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What is an Employee Assistance Program?

By: J.A.J Aaronson - Updated: 11 Oct 2010 | comments*Discuss
What Is An Employee Assistance Program?

Over the course of some years, there has been a gradual recognition that there are many factors affecting an employee's performance in the workplace. The acknowledgement of the problems caused by work-related stress, for example, has resulted in a gradual improvement in treatment for these complaints, and therefore happier workforces and increased productivity.

Today we are seeing a more holistic approach to human resources and an increasing acknowledgement of the importance of employee health. Employee Assistance Programmes, or EAPs, are the next logical step in this process of modernisation of the workplace.

Employee Assistance Programmes are increasingly offered as a non-salary benefit to employees. In many ways this is something of a bluff on the part of employers; while it is certainly true that these programmes can have significant benefits for staff, many companies implement EAPs because of a recognition of their cost-saving potential. In essence, Employee Assistance Programmes are designed to help mitigate and minimise the problems that employees face on a personal level, and which might have a negative impact on their productivity and efficiency in the workplace. This might include stress, mental health, physical fitness and so on.


By their very nature, Employee Assistance Programmes are designed to be flexible. They should be based on the assumption that no two sets of circumstances are the same, and that each individual employee will face a unique array of difficulties that may impact on their achievements at work.

In general, however, a pillar of any Programme will be employee access to a counsellor. Depending on the nature and size of the organisation in question, this may be on-site or sub-contracted to a third party professional.

This counsellor would address any issues that were of relevance; these might include family or relationship problems, seminal events such as births or bereavements, substance abuse, and so on. If the counsellor felt able to deal with these problems on a short-term basis they would generally do so; otherwise, the employee would be referred to another healthcare professional. This would frequently be done under the auspices of the company's healthcare insurance, which would likely be offered to employees as a non-salary benefit.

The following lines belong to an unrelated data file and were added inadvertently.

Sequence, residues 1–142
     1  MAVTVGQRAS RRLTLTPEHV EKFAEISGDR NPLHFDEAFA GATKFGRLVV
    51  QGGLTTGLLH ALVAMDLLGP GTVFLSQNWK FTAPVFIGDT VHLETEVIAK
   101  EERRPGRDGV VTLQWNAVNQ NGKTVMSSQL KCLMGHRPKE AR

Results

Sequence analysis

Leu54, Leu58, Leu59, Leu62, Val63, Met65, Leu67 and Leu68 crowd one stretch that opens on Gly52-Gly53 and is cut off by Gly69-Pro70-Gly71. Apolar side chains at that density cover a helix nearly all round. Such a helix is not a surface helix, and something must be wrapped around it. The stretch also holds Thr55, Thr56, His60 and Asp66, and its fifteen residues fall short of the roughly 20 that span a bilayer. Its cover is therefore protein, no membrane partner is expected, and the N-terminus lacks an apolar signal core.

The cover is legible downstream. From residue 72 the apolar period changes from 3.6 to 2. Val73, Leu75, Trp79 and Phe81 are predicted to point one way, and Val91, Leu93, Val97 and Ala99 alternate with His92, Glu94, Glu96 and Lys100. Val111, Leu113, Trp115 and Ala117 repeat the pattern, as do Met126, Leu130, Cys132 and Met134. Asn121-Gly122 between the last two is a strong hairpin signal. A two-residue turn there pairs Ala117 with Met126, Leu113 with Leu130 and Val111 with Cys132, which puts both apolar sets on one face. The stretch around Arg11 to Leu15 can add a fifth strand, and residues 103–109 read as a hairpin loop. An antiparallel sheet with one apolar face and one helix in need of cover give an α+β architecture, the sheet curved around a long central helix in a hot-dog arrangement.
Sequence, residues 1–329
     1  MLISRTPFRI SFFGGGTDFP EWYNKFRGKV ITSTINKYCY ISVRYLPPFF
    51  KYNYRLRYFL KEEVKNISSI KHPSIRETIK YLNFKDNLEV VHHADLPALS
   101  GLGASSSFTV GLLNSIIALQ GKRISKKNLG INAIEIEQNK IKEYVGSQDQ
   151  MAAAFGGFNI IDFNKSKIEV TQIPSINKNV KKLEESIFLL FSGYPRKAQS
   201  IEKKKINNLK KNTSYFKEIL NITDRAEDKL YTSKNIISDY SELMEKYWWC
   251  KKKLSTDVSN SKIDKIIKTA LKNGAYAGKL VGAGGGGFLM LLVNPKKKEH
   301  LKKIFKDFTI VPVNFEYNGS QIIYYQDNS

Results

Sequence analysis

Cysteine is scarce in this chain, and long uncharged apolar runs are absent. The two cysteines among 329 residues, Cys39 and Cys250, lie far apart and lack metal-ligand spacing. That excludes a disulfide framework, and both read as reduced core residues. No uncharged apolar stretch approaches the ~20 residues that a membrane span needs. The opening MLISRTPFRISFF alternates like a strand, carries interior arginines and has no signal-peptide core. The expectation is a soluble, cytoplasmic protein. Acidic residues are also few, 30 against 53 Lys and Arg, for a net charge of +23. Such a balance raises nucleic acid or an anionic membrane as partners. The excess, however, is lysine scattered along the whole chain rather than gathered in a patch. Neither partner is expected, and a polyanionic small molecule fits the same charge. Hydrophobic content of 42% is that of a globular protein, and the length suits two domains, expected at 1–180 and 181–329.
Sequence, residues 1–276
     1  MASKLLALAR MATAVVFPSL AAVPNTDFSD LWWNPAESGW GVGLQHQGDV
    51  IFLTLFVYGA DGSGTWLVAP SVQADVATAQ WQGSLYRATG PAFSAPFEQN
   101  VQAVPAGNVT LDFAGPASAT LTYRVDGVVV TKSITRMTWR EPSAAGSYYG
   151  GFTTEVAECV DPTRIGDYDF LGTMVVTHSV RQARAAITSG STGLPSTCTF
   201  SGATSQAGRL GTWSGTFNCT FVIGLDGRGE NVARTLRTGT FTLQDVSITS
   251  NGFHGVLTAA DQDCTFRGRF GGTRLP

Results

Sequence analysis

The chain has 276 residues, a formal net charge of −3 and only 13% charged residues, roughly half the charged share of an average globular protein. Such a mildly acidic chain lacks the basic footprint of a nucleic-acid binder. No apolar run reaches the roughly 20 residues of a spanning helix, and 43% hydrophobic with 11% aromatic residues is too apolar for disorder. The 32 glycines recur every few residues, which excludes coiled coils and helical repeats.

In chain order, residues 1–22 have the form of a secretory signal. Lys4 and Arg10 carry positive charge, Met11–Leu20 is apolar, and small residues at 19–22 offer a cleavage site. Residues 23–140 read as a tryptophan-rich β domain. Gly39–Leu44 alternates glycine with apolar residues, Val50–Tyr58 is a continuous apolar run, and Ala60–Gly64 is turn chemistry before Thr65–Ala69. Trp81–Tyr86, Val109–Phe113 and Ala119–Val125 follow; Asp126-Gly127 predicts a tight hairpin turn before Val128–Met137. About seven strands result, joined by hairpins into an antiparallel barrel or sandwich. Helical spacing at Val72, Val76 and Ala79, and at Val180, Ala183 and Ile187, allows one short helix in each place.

Prior to counselling, successful Employee Assistance Programmes rely on an effective process of health assessment. Again, larger companies may have a dedicated individual or team to monitor and assess the health of employees, while smaller organisations may employ assessment practitioners on a regular but ad hoc basis. It is frequently at this point that the relevant issues are identified, and those who need to be are referred to counselling.

Employee Assistance Programmes have risen in popularity since health insurance provides began offering lower premiums to employee groups to which EAPs are available. As such, companies frequently find that the costs of implementing a Programme are more than offset by the combination of lower group health insurance premiums and improved workforce productivity.

If you are considering implementing an EAP, it is vitally important that you make the right choice of provider. Your first port of call should be your health insurer, who will be able to give you a list of their accredited and recognised Programme providers.

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